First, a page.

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Time frames are very important to understand. Some trading strategies only work on certain time frames. And higher time frames can help you to determine the current trend. For example, the trend might be up when you are looking at the 5 min time frame but when you zoom out to the 1 hour time frame the trend might be down. Always remember that you should always look at higher time frames (15 min and above) to determine the current trend. You’ll learn more about this in the upcoming chapters.
For now, be very aware of what time frame your chosen strategy is using. If you apply a great strategy in the wrong time frame it may cost you a lot of money.
3.2 Support and resistance lines
Why the price moves around the chart does not always have a certain reason. It might be random movement, good or bad news, insiders buying or selling or traders and banks that are all following the same principles. For example, it’s very common that round numbers behave as support and resistance zones. Bitcoin is around $60.000 for a few days at this time of writing (2021). When price goes up or down around this price point support and resistance is mostly formed. Basically, people are waiting for the price to pass $60.000 and stepping in and selling when the price drops below $60.000.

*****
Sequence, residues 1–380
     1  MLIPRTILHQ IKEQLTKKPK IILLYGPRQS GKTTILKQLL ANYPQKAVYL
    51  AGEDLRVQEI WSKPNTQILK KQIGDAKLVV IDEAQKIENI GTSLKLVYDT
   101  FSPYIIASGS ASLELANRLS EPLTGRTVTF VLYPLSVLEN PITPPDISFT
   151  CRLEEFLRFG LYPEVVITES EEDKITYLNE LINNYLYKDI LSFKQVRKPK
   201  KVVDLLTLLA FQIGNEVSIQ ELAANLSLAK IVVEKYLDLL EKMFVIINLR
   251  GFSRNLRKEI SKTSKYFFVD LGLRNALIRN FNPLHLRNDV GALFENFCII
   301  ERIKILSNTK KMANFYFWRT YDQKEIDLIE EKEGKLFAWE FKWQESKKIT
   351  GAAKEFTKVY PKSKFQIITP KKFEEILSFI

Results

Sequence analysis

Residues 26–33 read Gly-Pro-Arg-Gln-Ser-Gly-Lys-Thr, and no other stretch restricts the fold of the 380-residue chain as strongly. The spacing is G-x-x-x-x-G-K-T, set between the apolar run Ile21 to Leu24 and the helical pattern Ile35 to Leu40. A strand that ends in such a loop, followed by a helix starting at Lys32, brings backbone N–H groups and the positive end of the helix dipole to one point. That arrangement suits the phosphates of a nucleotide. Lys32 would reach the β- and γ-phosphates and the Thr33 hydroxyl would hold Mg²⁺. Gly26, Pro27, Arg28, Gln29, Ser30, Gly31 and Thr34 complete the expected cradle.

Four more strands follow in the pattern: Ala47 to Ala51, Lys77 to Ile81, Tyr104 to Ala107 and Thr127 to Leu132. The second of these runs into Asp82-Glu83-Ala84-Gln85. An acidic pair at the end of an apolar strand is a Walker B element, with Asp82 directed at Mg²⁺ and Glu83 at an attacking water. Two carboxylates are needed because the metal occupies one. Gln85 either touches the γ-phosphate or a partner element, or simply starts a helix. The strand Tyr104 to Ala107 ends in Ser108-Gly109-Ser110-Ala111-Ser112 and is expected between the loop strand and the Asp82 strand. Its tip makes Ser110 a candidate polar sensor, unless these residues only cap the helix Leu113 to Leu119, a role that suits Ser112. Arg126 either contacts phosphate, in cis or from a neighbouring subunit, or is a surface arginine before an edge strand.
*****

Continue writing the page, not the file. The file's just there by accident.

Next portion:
What is true about support and resistance?
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Support and resistance lines are drawn lines on the chart at key support and resistance zones. Most of the time these zones are drawn where the price stops the current momentum.
- If the price does not get past a certain point in an uptrend it is called “resistance”
- If the price does not get past a certain point in a downtrend it is called “support”.
Support and resistance are the most basic indicators you can use. Although they are basic, they are very powerful. But you have to draw them on the chart yourself. Drawing support and resistance lines in the wrong place can really hurt your strategy. Drawing support and resistance lines on the chart is the first thing you should do when looking at any chart. Where to draw support and resistance lines:
- Always on the 15 min time frame or above
- Above the highest price point(s) on the chart
- Below the lowest price point(s) on the chart
- Above the highest price point(s) on the chart at the current price
- Below the lowest price point(s) on the chart at the current price
You should always draw support and resistance lines on the 15 min timeframe or above because on lower timeframes they are not strong enough. When you are looking at 1 minutes time frames, prices might be jumping up and down. 60 candlesticks on a 1 minute chart is just 1 candlestick in the hourly chart. And 24 hourly chadlesticks is 1 daily candlestick. You basically smooth out the noise when looking at higher timeframes. The higher timeframes you pick, the stronger the support and resistance becomes.
Bitcoin/USD chart sept -okt 2021. Source: tradingview.com